Governments must reorient their counterterrorism approaches to reflect an environment in which all terrorist threats have transnational dimensions.
Mary B. McCord is currently Senior Litigator and Visiting Professor of Law at the Institute for Constitutional Advocacy and Protection at Georgetown University Law School. She is the former Acting Assistant Attorney General and Principal Deputy Assistant Attorney General for National Security at the U.S. Department of Justice and was a long-time federal prosecutor in the U.S. Attorney’s Office for the District of Columbia.
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Domestic extremist violence is on the rise. To address the problem, Congress should hold hearings and make domestic terrorism a federal crime.
The Bureau of Alcohol, Tobacco, Firearms and Explosives’s overdue prohibition on bump stocks should be upheld by the courts.
Robert Bowers, who murdered 11 people at a Pittsburgh synagogue, may face the death penalty for his heinous crimes, but he will not be held accountable for what he actually did: commit crimes of domestic terrorism.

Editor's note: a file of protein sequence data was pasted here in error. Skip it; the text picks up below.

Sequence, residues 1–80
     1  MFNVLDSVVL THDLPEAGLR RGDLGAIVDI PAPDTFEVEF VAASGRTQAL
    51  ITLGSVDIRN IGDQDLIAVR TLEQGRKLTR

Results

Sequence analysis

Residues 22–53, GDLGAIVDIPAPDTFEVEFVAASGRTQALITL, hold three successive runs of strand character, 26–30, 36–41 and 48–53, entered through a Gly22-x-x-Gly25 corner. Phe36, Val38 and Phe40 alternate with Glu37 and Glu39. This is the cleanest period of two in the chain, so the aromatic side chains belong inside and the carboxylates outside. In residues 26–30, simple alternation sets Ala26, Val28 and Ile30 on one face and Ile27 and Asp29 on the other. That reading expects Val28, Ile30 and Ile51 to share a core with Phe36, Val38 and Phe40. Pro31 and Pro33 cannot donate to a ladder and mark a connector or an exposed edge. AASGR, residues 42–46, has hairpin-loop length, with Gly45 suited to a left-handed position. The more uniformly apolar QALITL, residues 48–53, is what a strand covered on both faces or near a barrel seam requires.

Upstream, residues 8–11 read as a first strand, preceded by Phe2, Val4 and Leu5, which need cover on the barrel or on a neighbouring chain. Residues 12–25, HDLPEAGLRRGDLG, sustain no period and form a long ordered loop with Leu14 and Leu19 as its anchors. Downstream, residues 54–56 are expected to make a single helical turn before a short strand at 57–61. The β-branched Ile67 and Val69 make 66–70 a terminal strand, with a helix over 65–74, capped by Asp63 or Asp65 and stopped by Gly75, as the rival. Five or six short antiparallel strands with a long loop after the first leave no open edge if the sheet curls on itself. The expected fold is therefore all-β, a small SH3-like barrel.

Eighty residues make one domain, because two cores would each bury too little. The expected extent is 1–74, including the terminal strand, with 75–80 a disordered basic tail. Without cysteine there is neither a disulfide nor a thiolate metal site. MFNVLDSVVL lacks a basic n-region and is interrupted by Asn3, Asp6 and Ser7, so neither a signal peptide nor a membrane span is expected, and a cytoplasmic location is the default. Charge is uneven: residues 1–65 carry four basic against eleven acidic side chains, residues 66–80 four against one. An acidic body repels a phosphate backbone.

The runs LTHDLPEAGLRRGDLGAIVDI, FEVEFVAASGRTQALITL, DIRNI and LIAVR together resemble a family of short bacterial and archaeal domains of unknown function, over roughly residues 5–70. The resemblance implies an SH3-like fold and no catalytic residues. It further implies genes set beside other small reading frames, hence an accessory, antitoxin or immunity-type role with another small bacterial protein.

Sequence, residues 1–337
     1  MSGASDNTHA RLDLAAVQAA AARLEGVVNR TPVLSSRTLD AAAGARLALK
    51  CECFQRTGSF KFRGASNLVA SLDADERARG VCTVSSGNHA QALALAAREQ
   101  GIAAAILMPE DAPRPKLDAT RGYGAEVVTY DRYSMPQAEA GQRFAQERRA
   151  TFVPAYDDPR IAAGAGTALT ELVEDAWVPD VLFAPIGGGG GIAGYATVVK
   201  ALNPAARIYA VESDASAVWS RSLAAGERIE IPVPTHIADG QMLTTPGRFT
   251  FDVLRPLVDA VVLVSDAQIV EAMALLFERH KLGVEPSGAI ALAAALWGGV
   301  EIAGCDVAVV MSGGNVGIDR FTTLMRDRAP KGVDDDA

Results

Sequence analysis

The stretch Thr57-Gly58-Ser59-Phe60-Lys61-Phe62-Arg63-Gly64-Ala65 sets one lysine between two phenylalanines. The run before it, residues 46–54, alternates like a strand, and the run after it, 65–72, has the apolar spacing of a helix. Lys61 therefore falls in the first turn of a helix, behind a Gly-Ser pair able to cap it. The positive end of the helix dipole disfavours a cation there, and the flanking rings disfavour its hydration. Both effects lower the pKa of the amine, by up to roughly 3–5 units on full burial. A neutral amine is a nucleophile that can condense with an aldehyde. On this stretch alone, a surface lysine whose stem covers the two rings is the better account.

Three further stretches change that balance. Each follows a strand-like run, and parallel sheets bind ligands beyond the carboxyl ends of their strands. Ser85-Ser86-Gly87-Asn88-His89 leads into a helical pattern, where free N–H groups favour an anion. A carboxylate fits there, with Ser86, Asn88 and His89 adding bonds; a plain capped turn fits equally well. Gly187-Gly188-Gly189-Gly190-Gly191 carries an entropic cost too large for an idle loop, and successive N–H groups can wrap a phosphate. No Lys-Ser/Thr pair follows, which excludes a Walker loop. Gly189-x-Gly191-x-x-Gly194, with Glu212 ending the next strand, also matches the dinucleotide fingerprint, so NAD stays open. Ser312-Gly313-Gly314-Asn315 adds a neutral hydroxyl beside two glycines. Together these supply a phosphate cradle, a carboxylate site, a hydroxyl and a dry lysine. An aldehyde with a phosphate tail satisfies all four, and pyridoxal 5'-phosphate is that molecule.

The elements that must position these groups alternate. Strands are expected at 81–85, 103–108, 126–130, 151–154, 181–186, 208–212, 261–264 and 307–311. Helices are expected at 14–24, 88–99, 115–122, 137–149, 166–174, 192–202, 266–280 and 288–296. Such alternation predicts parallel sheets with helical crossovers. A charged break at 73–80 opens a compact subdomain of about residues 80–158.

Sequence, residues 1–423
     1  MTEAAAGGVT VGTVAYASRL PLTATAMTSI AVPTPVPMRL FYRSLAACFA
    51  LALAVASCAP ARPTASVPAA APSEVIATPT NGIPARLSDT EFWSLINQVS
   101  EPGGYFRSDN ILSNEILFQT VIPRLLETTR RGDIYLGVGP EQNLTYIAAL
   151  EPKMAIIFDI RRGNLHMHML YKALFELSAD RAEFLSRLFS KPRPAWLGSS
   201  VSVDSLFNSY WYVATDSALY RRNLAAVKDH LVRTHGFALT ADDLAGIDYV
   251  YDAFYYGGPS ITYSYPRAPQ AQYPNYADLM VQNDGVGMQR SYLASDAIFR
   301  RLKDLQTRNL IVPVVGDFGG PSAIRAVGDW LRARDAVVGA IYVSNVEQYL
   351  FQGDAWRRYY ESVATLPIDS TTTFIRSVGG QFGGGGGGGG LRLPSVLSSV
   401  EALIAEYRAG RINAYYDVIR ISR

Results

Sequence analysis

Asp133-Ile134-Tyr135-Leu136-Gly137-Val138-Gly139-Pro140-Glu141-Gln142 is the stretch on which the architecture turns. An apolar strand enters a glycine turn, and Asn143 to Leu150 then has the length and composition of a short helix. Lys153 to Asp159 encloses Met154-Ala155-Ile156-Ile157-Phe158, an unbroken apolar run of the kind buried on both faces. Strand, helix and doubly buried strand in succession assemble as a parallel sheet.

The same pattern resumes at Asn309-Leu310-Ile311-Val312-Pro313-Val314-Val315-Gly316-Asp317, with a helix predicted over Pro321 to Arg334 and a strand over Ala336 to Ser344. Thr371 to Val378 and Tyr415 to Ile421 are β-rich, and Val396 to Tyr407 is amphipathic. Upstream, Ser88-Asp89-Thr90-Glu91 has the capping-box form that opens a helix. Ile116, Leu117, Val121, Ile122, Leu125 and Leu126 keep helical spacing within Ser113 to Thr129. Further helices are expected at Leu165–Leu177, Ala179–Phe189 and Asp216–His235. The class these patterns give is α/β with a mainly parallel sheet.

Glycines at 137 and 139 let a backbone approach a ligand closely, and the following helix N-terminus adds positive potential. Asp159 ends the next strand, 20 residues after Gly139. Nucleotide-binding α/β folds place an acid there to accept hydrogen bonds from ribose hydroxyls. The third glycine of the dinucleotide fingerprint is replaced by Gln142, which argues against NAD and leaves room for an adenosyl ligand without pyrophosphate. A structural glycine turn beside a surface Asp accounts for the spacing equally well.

A federal judge’s order barring the publication of blueprints for 3D-printed guns will not eradicate the threat posed by the weapons—but it’s an important step.
It is time that our federal criminal laws recognize domestic terrorism for what it is: the moral equivalent of international terrorism.
Despite comments to the contrary by Assistant to the President for Homeland Security and Counterterrorism Thomas Bossert, prosecution in Article III federal courts has been the most successful long-term option for the U.S. government in dealing with enemy combatants since 9/11.